The Summer 2019 Defendant is the 100th issue of the Australian Chesterton Society newsletter, and coincides with the 25th anniversary of the Society’s founding. The issue is larger than usual, as its centre pages feature various messages and tributes from Chesterton leaders and readers worldwide. There is a range of articles on Chesterton - a comparison by Joseph Pearce of Chesterton and Solzhenitsyn, an exploration by Garry Nieuwkamp of Chesterton’s writings on science, and a recollection by Tom Susanka of his early discovery of Chesterton. There are also articles on figures associated with Chesterton. Richard Egan considers the first religious play of Dorothy Sayers, co-founder with Chesterton of the Detection Club; John Young analyses the detective fiction of Chesterton’s boyhood friend, E.C. Bentley; and David Daintree reviews a special issue of a recent American journal on Christopher Dawson.

Table of contents

  • Chesterton and Solzhenitsyn (Joseph Pearce)
  • A Dorothy Sayers Play (Richard Egan)
  • The Importance of Christopher Dawson (David Daintree)
  • The Defendant’s 100th Issue - Messages
  • From the Roof of the Arctic (Tom Susanka)
  • Chesterton and Science (Garry Nieuwkamp)
  • Trent’s Last Case - E.C. Bentley (John Young)

Spring 2018

A Chesterton Society member, Siobhan Reeves, reveals the existence of a crater named after Chesterton on the planet Mercury. David Daintree reviews Greg Sheridan’s latest book, God Is Good For You. A Sydney moviemaker, Elvis Joseph, recalls his discovery of Chesterton, and ponders his plans, with his wife Heather, to turn a number of Chesterton’s books into movies. Karl Schmude pays tribute to the late political science scholar, Margaret Canovan, for her book on Chesterton as well as other works on totalitarianism, populism and nationalism. Francis Phillips remembers her meeting with Chesterton’s niece, Sheila Cook, and the light this shed on Frances and Gilbert Chesterton’s love of children; and Karl Schmude reflects on the significance of Christmas in the lives of the Chestertons.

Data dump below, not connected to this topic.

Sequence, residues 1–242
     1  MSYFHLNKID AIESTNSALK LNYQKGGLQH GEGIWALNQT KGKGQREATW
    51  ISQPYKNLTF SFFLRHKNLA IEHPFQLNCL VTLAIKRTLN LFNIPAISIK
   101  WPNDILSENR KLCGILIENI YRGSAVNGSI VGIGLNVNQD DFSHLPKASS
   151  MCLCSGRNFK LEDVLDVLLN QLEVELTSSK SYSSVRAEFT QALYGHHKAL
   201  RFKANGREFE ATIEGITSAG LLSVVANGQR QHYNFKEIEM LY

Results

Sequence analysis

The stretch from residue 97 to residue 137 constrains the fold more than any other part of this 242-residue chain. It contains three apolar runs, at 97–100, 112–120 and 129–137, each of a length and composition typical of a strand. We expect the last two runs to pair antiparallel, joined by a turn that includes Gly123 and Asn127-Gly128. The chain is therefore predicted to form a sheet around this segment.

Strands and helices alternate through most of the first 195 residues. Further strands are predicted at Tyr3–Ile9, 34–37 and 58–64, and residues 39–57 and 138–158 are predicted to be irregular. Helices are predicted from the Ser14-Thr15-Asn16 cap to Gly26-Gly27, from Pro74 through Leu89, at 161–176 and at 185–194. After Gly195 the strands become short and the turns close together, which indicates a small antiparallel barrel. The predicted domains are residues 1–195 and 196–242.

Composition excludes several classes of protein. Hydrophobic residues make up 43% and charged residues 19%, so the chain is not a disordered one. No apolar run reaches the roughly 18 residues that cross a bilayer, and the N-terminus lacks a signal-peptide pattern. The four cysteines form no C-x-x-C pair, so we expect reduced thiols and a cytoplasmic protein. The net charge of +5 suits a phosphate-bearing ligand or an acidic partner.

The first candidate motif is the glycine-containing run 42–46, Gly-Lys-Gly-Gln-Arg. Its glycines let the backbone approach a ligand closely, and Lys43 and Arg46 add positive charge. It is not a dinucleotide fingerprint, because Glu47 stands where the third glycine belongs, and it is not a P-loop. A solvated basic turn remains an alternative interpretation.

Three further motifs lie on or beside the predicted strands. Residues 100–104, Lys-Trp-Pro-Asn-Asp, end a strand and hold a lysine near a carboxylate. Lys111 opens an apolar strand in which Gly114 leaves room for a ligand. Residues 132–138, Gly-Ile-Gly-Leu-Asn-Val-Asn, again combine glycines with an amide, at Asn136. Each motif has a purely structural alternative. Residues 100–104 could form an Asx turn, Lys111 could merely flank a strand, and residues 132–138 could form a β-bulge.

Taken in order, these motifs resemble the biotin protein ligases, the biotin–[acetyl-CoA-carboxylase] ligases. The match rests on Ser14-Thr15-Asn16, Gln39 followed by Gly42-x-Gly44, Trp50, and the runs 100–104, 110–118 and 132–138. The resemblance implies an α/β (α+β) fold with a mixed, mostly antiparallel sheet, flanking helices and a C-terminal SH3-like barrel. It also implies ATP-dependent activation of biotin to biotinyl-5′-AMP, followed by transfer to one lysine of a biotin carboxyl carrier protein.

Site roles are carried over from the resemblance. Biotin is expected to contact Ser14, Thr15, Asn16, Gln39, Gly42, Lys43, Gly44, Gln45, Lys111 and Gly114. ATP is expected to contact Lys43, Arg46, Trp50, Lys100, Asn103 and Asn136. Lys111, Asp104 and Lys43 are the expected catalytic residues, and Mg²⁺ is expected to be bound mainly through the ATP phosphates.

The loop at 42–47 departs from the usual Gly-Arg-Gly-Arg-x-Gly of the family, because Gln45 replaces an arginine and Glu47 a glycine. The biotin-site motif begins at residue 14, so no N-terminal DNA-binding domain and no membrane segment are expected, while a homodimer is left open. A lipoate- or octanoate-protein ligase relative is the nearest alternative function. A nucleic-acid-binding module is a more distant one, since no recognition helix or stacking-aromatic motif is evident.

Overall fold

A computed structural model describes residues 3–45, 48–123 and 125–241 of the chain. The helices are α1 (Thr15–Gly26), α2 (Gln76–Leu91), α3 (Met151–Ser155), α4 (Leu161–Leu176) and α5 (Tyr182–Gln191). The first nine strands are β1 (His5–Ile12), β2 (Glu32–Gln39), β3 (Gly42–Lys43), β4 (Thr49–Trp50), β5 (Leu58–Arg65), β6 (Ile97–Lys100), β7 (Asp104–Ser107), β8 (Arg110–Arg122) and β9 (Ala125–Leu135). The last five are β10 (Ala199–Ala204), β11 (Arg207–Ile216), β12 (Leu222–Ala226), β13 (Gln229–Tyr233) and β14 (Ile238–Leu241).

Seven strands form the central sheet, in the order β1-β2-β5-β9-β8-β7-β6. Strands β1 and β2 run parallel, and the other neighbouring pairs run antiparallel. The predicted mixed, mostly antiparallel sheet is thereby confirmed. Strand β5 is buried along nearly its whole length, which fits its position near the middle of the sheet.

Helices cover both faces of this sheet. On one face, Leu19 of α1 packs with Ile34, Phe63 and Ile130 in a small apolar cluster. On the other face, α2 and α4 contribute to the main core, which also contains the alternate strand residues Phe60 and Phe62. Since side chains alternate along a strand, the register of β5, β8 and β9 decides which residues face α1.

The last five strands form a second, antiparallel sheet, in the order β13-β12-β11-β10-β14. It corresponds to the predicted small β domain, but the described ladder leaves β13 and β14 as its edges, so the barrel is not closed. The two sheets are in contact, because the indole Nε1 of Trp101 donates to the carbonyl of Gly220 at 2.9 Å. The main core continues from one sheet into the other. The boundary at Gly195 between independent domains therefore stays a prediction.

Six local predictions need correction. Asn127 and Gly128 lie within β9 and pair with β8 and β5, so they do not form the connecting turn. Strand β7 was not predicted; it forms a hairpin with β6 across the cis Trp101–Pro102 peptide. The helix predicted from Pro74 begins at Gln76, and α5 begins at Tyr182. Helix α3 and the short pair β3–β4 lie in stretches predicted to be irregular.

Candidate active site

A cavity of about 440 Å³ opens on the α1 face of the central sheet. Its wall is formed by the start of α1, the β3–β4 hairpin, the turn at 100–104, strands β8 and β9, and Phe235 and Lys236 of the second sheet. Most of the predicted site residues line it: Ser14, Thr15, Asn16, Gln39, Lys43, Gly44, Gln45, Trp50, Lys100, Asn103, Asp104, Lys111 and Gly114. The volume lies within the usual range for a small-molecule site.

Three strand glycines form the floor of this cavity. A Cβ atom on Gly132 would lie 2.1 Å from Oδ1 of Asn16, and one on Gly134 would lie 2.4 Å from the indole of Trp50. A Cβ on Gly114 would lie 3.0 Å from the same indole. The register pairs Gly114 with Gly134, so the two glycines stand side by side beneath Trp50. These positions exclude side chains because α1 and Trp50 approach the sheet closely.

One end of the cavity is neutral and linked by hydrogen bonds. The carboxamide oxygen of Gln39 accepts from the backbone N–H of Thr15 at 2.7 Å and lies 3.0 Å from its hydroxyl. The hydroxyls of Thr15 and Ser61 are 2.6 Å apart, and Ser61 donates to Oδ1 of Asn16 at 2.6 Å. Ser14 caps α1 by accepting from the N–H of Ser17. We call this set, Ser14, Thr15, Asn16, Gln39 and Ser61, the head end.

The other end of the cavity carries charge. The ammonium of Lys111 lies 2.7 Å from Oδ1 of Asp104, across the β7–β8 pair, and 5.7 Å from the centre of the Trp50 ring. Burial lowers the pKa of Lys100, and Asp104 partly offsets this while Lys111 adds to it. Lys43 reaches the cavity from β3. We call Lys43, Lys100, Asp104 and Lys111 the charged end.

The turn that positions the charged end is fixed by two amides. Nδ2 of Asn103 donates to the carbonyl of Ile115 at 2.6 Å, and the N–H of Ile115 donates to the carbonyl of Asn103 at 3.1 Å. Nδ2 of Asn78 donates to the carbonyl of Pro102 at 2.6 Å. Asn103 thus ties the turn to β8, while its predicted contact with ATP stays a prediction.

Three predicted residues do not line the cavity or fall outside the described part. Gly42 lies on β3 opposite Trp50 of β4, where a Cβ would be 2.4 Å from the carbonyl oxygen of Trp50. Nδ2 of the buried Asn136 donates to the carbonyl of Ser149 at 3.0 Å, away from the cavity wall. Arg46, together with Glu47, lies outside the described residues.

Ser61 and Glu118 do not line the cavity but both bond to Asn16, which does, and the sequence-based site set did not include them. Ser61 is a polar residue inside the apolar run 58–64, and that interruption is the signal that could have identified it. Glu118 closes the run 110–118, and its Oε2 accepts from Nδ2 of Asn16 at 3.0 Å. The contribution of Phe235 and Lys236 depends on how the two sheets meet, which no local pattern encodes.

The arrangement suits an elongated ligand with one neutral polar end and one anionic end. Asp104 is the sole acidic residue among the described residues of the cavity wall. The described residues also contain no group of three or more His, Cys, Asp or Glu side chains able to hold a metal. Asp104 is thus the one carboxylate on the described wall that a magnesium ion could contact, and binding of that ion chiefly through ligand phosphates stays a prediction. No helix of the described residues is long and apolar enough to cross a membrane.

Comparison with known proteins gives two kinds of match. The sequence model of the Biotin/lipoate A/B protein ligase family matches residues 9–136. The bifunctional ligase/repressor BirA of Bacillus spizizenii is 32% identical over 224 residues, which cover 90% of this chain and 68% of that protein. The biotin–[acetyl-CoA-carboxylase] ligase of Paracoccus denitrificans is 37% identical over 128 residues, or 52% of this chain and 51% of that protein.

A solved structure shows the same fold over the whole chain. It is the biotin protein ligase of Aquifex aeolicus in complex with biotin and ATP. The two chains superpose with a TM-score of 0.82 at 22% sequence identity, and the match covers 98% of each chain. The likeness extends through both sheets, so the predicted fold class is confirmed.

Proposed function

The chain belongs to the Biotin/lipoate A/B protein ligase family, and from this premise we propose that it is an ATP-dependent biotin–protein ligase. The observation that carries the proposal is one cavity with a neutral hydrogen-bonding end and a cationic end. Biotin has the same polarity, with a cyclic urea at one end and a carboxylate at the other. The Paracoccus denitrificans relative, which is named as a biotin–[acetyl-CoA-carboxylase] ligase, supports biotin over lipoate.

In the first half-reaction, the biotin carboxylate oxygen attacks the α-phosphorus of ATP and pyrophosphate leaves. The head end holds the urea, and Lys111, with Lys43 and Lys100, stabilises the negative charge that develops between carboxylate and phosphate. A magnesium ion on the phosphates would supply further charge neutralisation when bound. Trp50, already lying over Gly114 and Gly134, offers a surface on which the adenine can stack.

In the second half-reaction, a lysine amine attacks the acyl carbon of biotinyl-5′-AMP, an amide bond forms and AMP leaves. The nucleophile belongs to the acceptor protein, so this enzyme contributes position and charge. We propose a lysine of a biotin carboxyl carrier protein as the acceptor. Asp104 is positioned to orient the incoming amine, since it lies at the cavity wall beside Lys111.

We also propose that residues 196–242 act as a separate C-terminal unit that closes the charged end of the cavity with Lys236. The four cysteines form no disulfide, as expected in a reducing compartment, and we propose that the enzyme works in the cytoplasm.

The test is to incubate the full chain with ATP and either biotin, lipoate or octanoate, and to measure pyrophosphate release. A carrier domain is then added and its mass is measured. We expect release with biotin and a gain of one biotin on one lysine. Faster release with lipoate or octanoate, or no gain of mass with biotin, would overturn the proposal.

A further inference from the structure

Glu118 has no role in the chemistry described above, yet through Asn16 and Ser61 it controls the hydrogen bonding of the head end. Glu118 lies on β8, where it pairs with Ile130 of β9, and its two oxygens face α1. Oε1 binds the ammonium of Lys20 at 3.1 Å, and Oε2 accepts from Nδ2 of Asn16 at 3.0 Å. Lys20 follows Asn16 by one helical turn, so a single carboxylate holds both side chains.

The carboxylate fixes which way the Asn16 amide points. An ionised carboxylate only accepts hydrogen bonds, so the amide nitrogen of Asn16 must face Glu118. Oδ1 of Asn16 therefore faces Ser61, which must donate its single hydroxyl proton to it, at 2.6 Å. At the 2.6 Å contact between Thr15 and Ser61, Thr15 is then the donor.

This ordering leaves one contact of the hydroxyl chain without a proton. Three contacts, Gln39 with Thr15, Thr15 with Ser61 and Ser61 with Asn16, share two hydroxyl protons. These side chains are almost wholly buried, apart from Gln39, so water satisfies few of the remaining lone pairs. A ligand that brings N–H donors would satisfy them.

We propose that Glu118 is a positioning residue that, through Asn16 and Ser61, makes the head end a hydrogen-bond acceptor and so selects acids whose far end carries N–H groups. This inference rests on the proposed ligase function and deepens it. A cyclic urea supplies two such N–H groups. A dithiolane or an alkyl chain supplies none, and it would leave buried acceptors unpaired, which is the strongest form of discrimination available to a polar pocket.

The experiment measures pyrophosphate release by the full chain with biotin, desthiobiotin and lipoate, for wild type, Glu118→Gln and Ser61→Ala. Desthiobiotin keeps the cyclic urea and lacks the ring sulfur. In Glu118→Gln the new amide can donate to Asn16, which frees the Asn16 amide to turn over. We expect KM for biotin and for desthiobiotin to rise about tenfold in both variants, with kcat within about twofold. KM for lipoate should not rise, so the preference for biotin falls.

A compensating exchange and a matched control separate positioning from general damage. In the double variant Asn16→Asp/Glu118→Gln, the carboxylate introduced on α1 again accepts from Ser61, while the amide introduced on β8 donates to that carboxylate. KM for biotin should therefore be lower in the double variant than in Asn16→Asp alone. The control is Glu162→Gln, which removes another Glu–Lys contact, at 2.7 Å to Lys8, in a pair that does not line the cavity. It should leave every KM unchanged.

Table of contents

  • Chesterton – A Celestial Phenomenon (Siobhan Reeves)
  • Greg Sheridan – God Is Good For You (David Daintree)
  • Children and the Family – Report on 2018 Conference
  • Discovering Chesterton: A Moviemaker Remembers (Elvis Joseph)
  • Death of a Chesterton Scholar – Margaret Canovan (Karl Schmude)
  • A Niece’s Memory of Chesterton (Francis Phillips)
  • Christmas and the Chestertons (Karl Schmude)

Winter 2018

Chesterton was not only 'a man of colossal genius', as George Bernard Shaw said, but he had a genius for friendship. This issue highlights his friendship with Shaw himself (“Chesterton's Close Shavian') as well as with his closest friend, his wife Frances, revealed in an interview with her biographer, Nancy Brown, a special guest at the 2018 Australian Chesterton conference at Campion College in Sydney. John Young reflects on Chesterton's legendary 'absence of mind' as really his 'presence of mind on something else'; James V. Schall SJ explores Chesterton's insights into reason and nature as shown in his biography of St Francis of Assisi; and a niece of Chesterton recalls her childhood happiness in company with her 'Big Uncle'.

Table of contents

  • Chesterton’s Close Shavian (Karl Schmude)
  • An Interview with Nancy Brown - guest speaker at October 2018 Australian Conference
  • Chesterton’s Presence of Mind (John Young)
  • St Francis of Assisi and the High Road of Reason and Nature (James V. Schall)
  • A Child remembers ‘Big Uncle’ Chesterton (Sheila Cook)

Autumn 2018

Chesterton's greatest exercise of historical speculation was his essay, 'If Don John of Austria had married Mary Queen of Scots', and the opening article in this issue examines how Chesterton 'reimagined' the past. Other articles look at the contribution to Chesterton's work of his secretary, Dorothy Collins; the weaknesses of the current Father Brown TV series; Chesterton's autobiography as a mystery novel; stories about Chesterton's home, Top Meadow, and an Australian memory of the town of Beaconsfield in which he lived; and details on the October 2018 Australian Chesterton conference.

Table of contents

  • Reimagining the Past – A Chesterton Vision (Karl Schmude)
  • The Daughter the Chestertons Never Had (Aidan Mackey)
  • The Latest Father Brown on TV
  • Chesterton's Autobiography: Father Brown Solves the Mystery (Chene Heady)
  • Chesterton's Beaconsfield: Top Meadow (Karl Schmude)
  • Australian Memory of Beaconsfield (David van Gend)
  • Christopher Dawson Conferences in Australia (Hobart and Perth)
  • Rebirth of Hilaire Belloc Society in the UK
  • 2018 Chesterton Conference at Campion College

Summer 2018

Chesterton cherished a special love of the small and the concrete, and the lead article highlights the town of Beaconsfield which he loved. Other articles focus on the admiration for Chesterton of the British comedy writers, Frank Muir and Denis Norden, a review of a book of essays on Chesterton, and The Poet and the Lunatics as the book chosen in the Desert Island Chesterton series.

Table of contents

  • The Little Town That Chesterton Loved (Aidan Mackey)
  • Farewell to Much-Loved Friends (Karl Schmude)
  • Comedians Who Delighted in Chesterton
  • Chesterton and the Crocodile (Garry Nieuwkamp)
  • Christopher Dawson Conferences
  • Desert Island Chesterton (Siobhan Reeves)

Spring 2017